Hubble’s Latest Hit: Galaxy Gets Caught in Gravitational Tangle

Image: NGC 7714
NGC 7714 is a spiral galaxy 100 million light-years from Earth that is in the process of being pulled apart due to gravitational interaction with a companion galaxy known as NGC 7715. This view was produced using data captured by the Hubble Space Telescope in 2011. A. Gai-Yam / Weizmann Inst. of Science / ESA / NASA

The spiral galaxy known as NGC 7714 is turning itself into a glorious gravitational mess in a picture from the Hubble Space Telescope. The view was captured by Hubble's Wide Field Camera 3 and the Advanced Camera for Surveys in October 2011, and released to the public on Thursday.

NGC 7714 is about 100 million light-years from Earth, in the constellation Pisces. It's being pulled apart like a stretchy piece of taffy, thanks to gravitational interaction with a neighboring galaxy called NGC 7715.

A golden loop of sunlike stars is swinging out from the galaxy's center. You can also make out a faint bridge of hot, bluish stars stretching off to the left toward NGC 7715, which is just outside the Hubble picture's field of view. The close encounter has compressed interstellar gas to trigger still more bursts of star formation, seen as bright blue arcs extending around NGC 7714's center.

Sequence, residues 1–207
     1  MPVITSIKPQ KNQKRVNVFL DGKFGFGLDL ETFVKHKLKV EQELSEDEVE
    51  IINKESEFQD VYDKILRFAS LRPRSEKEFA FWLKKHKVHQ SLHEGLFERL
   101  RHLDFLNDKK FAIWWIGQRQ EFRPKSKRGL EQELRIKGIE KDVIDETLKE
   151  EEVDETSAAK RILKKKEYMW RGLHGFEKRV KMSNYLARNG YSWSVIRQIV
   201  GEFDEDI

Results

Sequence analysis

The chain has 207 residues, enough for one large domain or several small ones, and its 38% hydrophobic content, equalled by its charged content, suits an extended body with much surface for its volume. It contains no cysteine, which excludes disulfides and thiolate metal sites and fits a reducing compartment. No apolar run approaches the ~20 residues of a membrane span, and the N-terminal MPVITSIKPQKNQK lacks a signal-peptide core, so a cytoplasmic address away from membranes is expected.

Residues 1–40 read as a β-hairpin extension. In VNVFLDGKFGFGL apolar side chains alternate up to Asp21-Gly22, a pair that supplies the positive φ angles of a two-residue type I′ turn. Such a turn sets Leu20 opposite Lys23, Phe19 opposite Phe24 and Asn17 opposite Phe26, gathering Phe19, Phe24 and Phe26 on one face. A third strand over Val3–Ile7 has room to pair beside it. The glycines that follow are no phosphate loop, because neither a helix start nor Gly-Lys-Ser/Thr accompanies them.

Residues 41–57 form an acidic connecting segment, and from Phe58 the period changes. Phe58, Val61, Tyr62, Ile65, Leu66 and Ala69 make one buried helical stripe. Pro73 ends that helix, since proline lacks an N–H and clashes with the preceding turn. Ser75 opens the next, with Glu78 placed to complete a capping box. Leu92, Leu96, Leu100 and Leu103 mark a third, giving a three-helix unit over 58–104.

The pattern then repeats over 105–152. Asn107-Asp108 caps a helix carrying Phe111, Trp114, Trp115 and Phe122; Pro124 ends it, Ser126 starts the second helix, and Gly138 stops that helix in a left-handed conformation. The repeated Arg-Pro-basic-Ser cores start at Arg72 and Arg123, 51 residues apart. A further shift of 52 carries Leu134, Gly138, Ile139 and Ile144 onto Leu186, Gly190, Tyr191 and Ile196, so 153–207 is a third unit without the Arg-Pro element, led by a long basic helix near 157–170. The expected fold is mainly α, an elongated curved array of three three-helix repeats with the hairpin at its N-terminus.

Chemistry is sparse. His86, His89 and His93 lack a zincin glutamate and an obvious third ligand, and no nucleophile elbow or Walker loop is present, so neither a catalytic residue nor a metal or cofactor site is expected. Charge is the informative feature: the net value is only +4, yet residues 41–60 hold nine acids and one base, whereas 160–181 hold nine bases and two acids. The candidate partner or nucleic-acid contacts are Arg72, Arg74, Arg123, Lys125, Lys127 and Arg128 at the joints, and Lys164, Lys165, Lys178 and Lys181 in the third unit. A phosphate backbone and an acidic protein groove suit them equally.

For more about the galactic mess, check out Thursday's news releases from the Space Telescope Science Institute and the Hubble European Space Agency Information Center.

Image: Galaxies
This image from the Digitized Sky Survey shows the galaxies NGC 7714 and NGC 7715 at upper right. NGC 7715 is just outside the frame in the newly released Hubble image. Taken together, the pair of interacting galaxies is known as Arp 284. NASA / ESA / DSS2


— Alan Boyle